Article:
It's happened several times this year.
Sammy Sosa takes a hard swing, double-hops out of the batter's box and begins his trot to first base - only to watch the ball drop into the glove of a waiting outfielder.
During those magical Sammy-Slammin' years in Chicago, baseballs hit hard by Sosa always seemed to land in the middle of the outstretched arms of Bleacher Bums.
But not this season. Not in Baltimore. Not yet, anyway, his supporters say.
"Every day when we leave the [dugout] tunnel, I have a real good feeling," Orioles hitting coach Terry Crowley said about Sosa. "He has got real good [work] habits, and I think he is on the verge of breaking out."
When the Orioles traded for Sosa in February, the front office believed he'd fit perfectly into its clubhouse mix, fans would love his energy and the team would benefit from his impressive power. So far, two out of three ain't bad, but it ain't particularly good, either.
As the team's cleanup hitter, Sosa is supposed to protect No. 3 hitter Miguel Tejada while having a garden-variety season of 35-plus homers and 100-plus RBIs.
Through his first 222 at-bats, however, Sosa is batting just .239 with nine homers and 26 RBIs - putting him sixth on the team in the power categories. Meanwhile, Tejada's seven intentional walks are third in the American League.
Sosa is on pace to have his worst offensive season since 1992, his first with the Cubs. His home run ratio of one every 24.6 at-bats is nearly twice his career average.
In the clutch, he's been worse. He is hitting just .213 with runners in scoring position - among the bottom dozen in the American League (50 minimum at-bats). He had two chances last night and didn't come through either time. Overall, he went hitless in four at-bats.
So what has happened to Sosa?
Some scouts believe age is catching up with the 36-year-old, that his bat speed has slowed considerably. Others question where his legendary strength has gone. Other observers believe he's had significant trouble adjusting to the AL or that the staph infection that caused him to miss 16 games in May has set him back. Plenty of theories, no real answers.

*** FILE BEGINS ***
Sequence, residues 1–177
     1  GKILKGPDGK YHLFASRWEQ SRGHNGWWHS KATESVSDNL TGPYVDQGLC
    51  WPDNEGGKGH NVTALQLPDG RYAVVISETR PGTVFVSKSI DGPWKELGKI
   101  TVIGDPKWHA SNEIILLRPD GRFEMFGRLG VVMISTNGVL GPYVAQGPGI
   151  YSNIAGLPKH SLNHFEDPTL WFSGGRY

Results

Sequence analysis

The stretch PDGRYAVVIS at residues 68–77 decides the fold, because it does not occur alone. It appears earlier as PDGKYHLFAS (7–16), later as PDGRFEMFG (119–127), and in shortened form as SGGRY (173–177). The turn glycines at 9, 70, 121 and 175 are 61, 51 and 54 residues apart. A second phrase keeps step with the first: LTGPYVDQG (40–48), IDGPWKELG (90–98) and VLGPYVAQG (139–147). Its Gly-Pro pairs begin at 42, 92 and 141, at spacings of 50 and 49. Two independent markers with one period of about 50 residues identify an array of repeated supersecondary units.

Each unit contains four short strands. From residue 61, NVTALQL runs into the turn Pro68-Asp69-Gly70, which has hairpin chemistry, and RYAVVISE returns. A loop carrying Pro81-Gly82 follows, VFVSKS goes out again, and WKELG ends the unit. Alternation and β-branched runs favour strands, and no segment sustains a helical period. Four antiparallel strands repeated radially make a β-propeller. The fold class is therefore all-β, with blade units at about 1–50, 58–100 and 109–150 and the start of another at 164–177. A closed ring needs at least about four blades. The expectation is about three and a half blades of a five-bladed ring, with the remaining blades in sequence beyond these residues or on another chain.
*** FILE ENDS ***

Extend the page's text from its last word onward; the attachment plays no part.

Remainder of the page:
For now, Sosa doesn't want to discuss his performance as an Oriole, politely saying he'll talk "in a few days, not now."
Those who see him every day are holding out faith that Sosa will slam once again.
"For me, Sammy is a guy that is going to get on a hot streak and he's one that could really take a lot of this team on his shoulders, too," manager Lee Mazzilli said. "Sammy has done this for a pretty long time and has been very successful doing it and that's what I think he will do in the very near future."
Crowley shakes his head when he hears speculation Sosa's bat has slowed.
"He's got plenty of bat speed ... " Crowley said. "It's got nothing to do with bat speed because more often than not he's a little bit out front."
In a 3-for-27 slump, Sosa got the day off Sunday, the first time he hadn't started since June 8. Last night he batted fifth, a spot lower than normal.
"I didn't drop him, I switch around the lineups," Mazzilli said. "He's been down there before, we switch it around, it's not the first time."
It was the 21st time Sosa batted fifth this season, but only the fourth time Rafael Palmeiro has hit cleanup ahead of Sosa.
In his 37 games batting cleanup, Sosa has hit .259 with six homers and 18 RBIs in 147 at-bats.
According to Elias Sports Bureau, his average is 14th of 17 AL hitters with 100 or more at-bats at cleanup. He's tied for 10th in homers and 14th in RBIs.
Tejada, who has 18 fewer at-bats than Sosa at cleanup, has eight homers and 22 RBIs in the spot. Palmeiro has just 23 at-bats there, including two last night.
Mazzilli isn't ready to move Sosa out of the middle permanently, though. And Crowley is sure the patience will pay off.
"Nobody works harder, nobody is more dedicated," Crowley said. "He is as strong as a bull and he has a passion for the game. ... Those can only add up to a good positive finish of the year for him."